The Chacoan peccary is restricted to the driest parts of the Dry Chaco ecoregion, preferring the thorn forest vegetation. In 1931 the Chacoan peccary’s fossils were discovered and they were thought to belong to an extinct species. It was not until the 1970s that live species were recorded.
Their herd sizes vary between 1–9 individuals and they are sensitive to human habitat alteration. The fact that they have been seen so infrequently attests to their avoidance of humans and converted landscapes. As the southern Chaco is developed and suffers habitat loss the Chacoan peccary’s population had declined and is now listed as endangered.
The Dry Chaco ecoregion is generally restricted to the northwestern two-thirds of western Paraguay, and east of the Andes in southeastern Bolivia and northwestern Argentina. Most scientists agree that the Chaco formed during Pleistocene postglacial fluctuations, from an arid to humid to semiarid environment. The annual temperature and rainfall are around 26°C and 865 mm. The Chaco is comprised of several habitats, although savannah and thorn forests—or a transition of these two—predominate. Savannah habitats are characterized by an abundance of grasses.
A transitional area of Quebracho (hardwood) woodland is more open than the thorn forests, and is characterized by shrubs, prickly pear cacti, thornbush, white hardwood tree, and the conservation dependent Bulnesia sarmientoi tree. The thick thorn forests are often impenetrable with an understory of bayonet bromeliads and star cactus.
The Guarani Indians initially described this region as "Gran Chaco", which implies productive hunting grounds. Their traditional subsistence hunting practices ensured there is still a strong diversity and community of animals in the ecoregion to this day.
The ecoregion has largely been poorly documented by scientists, until recent years. With the relatively recent discovery of the Chacoan peccary, more and more fieldwork is being undertaken by international scientific community to document other unique species to the region. Other mammals include 10 species of armadillo, as well as the Chacoan mara and Conover's tuco-tuco (both rodents).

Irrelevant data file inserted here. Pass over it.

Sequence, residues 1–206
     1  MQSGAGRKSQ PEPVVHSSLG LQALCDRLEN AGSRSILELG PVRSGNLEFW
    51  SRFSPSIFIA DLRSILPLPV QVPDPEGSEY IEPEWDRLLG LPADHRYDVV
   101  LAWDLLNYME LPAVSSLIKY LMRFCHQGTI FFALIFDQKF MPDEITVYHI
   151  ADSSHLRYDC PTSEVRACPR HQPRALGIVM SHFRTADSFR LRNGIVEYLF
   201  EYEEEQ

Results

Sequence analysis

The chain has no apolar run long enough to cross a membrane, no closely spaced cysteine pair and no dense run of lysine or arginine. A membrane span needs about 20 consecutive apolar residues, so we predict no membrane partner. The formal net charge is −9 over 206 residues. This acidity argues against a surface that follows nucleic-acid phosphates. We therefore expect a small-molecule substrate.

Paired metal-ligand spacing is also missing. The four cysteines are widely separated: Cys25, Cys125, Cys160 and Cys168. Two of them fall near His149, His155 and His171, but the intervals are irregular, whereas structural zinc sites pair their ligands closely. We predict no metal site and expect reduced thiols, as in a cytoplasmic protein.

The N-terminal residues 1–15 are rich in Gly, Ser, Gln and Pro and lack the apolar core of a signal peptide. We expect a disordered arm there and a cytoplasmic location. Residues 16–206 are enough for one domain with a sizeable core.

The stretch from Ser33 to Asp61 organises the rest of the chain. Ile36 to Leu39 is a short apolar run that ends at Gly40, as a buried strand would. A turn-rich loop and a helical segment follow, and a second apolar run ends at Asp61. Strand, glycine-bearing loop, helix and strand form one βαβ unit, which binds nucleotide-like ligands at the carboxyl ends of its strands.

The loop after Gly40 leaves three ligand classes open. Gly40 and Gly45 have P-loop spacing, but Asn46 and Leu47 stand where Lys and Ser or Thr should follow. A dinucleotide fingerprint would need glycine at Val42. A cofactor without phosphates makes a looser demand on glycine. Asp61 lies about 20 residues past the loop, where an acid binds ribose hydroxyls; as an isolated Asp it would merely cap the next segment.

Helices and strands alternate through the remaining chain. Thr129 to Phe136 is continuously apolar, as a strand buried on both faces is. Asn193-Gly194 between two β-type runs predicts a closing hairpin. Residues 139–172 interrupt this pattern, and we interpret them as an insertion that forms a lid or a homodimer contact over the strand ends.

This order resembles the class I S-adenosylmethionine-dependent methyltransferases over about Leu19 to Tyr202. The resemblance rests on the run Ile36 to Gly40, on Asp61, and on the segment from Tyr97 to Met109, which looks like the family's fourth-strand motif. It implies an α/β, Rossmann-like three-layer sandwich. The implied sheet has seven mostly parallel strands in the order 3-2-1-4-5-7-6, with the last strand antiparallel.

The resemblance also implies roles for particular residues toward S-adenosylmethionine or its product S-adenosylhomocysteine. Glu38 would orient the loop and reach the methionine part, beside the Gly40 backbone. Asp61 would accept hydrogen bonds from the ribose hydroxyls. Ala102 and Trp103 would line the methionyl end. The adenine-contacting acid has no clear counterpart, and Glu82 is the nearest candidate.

Reptiles and amphibians of interest include yacare caiman, southern boa, false water cobra, horned frog, and Argentine walking frog. Due to its central location in South America, the Dry Chaco ecoregion hosts a variety of birds, with notables including greater rhea, brushland tinamou, Chaco chachalaca, black-legged serieman, Chaco blue-fronted amazon, picui ground dove, guira cuckoo, little thornbird, and many-colored Chaco finch.
National Parks exist in the northern (Defensores del Chaco) and western sections of the Paraguayan Chaco, as do several private reserves, including one each in the central (Estancia Boquerón'í) and northwestern (Estancia de South American) Paraguayan Chaco.
Argentina also has protected areas in the Chaco, primarily in the northern Argentine Chaco with the National parks Pilcomayo, Baritú, Callilegua, El Rey; Agua Dulce Protected Reserve, Potreros de Yala, and El Bagual; and private reserves in the central (Los Palmares and Copo) and one in the southern region. Reserves in the eastern Paraguayan Chaco and western Bolivian Chaco are noticeably lacking, and reserves in the central and southern Argentinean Chaco are scant.
Much of the Chaco is in various stages of alteration due to grazing of cattle and, in the southern region, goats. Paved road development projects provide easy access to remote sites to hunt game and alter pristine wilderness for agrarian development. A good example of this is the Trans-Chaco highway, completed in the 1990s, connecting Paraguay and Bolivia. Development is most extensive in the southern Argentine Chaco.
The priority conservation actions for the next decade will be to: 1) increase the number of protected areas in the southern Chaco and ensure they are properly staffed; 2) create a series of corridors connecting the protected areas; and 3) encourage sustainable development and ranching methods.
1. Brooks, D. 2019. Southern South America: Bolivia, Paraguay, and Argentina https://www.worldwildlife.org/ecoregions/nt0210 Accessed June 27, 2019.
2. Lopez, J., E. L. Little, Jr., J. S. Rombold, and W. J. Hahn. 1987. Arboles comunes del Paraguay. Washington, D.C., U.S.A.: Peace Corps.
3. Brooks, D.M. 2000b. New distributional records for birds in the Paraguayan Chaco. Cotinga 13: 77-78.
4. Altrichter, M., Taber, A., Noss, A., Maffei, L. & Campos, J. 2015. Catagonus wagneri. The IUCN Red List of Threatened Species 2015: e.T4015A72587993. Accessed June 27, 2019.